Eddie: They are great choices. Let me sling a couple of out-field suggestions. How about a BMW Z4 coupe or cabriolet? You might have to go back a bit further than you say you'd like to but it's a lovely car. The 2.5-litre and 3-litre petrols are thirsty though. But there is a great sporty feel to it. The only thing against it, apart from engine size, is a drab cabin.
Nothing wrong with it being a roadster but some people prefer their cars with a solid roof and there aren't too many of them around.
And it would be remiss of me not to mention the Mazda MX-5, easily the best little roadster of its size and power on the road. With the new one on sale here now, and getting rave reviews, you could drive yourself a decent bargain on an older one.
I intended buying a small crossover in the next month or so but I have been put off a bit by people telling me there are waiting lists for some models. I'm not too bothered which one I get but I am not going to wait any more than a month. What should I do? I have the cash. Are we back to the mad days of the boom?
Aidan: Sounds like you've got some money burning a hole in your pocket. Don't rush anything. If you are planning on keeping the car for two or three years then what's an extra few weeks waiting for the right car?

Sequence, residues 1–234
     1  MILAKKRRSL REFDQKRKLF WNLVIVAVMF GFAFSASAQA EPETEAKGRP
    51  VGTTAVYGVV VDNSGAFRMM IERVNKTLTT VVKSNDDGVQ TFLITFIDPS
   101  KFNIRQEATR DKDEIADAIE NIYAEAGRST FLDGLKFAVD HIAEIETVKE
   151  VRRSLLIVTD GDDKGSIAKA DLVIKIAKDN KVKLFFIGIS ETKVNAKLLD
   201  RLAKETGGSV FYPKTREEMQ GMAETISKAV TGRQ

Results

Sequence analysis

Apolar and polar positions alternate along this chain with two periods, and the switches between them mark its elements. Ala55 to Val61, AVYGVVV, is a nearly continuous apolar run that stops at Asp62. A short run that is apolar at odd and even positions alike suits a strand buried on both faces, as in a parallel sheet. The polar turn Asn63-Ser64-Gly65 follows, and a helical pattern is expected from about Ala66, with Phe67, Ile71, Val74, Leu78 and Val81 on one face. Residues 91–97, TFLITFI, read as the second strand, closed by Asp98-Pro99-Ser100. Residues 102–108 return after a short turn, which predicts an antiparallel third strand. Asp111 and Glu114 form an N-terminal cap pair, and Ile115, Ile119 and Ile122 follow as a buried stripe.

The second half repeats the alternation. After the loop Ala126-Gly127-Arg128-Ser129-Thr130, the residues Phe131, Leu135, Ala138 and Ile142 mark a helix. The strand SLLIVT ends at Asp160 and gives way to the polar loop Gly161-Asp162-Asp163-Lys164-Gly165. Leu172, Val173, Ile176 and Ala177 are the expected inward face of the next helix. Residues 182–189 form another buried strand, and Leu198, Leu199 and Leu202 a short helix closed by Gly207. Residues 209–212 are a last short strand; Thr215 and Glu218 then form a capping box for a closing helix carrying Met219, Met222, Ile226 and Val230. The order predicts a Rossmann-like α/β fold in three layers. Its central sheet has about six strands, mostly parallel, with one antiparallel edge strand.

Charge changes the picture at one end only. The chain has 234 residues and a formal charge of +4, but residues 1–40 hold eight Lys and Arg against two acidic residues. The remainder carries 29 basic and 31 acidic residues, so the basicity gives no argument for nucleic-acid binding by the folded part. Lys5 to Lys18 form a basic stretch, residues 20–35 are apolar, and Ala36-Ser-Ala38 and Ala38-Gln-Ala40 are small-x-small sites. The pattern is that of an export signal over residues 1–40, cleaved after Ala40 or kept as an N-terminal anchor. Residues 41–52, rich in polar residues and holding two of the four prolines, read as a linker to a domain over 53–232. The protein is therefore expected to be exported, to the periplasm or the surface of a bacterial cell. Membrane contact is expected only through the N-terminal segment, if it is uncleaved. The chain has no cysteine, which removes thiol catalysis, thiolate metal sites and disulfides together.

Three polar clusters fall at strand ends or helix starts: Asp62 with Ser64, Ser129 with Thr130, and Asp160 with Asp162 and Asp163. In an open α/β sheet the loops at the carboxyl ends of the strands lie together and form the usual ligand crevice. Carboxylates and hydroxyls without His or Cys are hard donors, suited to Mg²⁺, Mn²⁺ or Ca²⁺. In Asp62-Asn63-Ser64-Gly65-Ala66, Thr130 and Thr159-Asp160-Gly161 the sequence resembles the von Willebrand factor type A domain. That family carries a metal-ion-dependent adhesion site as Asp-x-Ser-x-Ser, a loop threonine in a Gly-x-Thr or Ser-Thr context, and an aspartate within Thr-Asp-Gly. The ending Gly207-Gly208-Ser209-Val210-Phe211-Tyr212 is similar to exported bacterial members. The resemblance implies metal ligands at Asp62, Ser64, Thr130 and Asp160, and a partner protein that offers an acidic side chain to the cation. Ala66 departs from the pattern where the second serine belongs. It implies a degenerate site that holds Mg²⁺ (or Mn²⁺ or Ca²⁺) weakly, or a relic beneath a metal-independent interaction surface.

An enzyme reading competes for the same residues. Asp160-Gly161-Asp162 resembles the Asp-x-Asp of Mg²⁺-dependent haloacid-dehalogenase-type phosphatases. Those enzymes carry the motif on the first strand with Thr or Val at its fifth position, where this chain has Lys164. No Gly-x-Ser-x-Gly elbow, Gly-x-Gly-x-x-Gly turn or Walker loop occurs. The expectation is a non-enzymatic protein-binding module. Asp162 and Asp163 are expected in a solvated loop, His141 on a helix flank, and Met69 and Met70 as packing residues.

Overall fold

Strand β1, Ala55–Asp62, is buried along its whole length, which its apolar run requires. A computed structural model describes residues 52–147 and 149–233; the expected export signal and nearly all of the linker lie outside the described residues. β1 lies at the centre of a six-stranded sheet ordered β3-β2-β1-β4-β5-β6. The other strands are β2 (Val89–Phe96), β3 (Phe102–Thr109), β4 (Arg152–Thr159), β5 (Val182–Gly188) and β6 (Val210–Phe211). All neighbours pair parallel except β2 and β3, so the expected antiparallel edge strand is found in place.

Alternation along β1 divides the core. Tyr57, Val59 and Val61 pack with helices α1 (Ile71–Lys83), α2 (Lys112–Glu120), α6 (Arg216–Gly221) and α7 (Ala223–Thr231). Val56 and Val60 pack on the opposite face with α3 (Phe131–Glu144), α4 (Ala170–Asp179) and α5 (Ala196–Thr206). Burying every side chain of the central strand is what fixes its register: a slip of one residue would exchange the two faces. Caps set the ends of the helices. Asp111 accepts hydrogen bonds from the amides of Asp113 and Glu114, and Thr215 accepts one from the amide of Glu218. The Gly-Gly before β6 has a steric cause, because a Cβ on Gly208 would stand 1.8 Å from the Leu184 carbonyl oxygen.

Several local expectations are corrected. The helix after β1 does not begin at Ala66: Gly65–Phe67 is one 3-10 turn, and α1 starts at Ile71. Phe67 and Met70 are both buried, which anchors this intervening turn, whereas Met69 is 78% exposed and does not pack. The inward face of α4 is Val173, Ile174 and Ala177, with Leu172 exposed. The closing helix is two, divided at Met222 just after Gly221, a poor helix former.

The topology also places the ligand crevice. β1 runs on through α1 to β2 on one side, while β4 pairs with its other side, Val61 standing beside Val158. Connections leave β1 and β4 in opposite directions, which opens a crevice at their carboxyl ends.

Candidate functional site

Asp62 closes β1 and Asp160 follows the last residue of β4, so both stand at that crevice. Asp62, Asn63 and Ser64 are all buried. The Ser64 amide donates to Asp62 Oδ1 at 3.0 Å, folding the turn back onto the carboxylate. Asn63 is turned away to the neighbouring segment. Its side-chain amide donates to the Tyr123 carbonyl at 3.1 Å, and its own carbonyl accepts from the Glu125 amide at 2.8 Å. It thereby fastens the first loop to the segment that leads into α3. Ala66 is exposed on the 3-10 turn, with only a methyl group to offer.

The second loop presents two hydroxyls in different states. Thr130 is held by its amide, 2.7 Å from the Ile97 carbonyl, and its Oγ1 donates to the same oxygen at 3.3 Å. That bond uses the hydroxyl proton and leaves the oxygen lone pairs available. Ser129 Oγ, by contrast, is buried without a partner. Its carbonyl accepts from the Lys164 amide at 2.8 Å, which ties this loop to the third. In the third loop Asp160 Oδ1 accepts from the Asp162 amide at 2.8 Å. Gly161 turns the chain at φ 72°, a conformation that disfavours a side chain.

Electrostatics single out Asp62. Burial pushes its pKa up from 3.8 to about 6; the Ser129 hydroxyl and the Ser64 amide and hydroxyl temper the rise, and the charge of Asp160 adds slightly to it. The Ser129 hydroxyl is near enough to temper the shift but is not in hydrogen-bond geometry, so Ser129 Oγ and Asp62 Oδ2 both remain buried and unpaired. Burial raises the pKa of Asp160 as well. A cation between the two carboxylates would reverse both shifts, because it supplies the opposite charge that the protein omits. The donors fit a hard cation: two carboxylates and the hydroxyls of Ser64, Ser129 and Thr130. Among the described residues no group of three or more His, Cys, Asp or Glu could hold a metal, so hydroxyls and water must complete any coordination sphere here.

Also, who are these people telling you that there are waiting lists? Are they car dealers or friends? If a dealer is telling you then that is fair enough. Supply could be lower than preferred for some models or for particular trim levels.
It is just the reality of how the car market has evolved and the strong global demand for crossovers. Our distributors fight tooth and nail to get a full range of cars here but there is a lot of politicking that goes on behind the scenes with factories.
Our new car market is already up over 30pc on last year's performance, so that also has an effect. Are you configuring a specific model to your own individual specifications? If so, then it is likely that the car needs to be ordered from the factory.
That takes time. It's hard to say how long so it is best to check with your dealer. If you are looking at a regular "off the shelf" model then supply in most cases should not be a major worry.
I take it by small crossover you mean cars such as the Renault Captur, Nissan Juke, Mazda CX-3, Honda HRV et al. These models are in high demand but they are out there. I see them every week when I visit dealers.
Visit a few showrooms and see what's on offer. I particularly like the Honda HRV and the Mazda CX-3. I think they look incredibly sharp. Renault's Captur is a hot favourite in this category and it is a lovely machine.
The Juke has been around a while now but there's nothing wrong with it. It's not everyone's cup of tea but taste is subjective. Don't buy whatever is available just for the heck of it. Make sure you drive them all.
This should be an enjoyable experience. Spend a day or two pulling them all apart and see what deal you can get with your cash.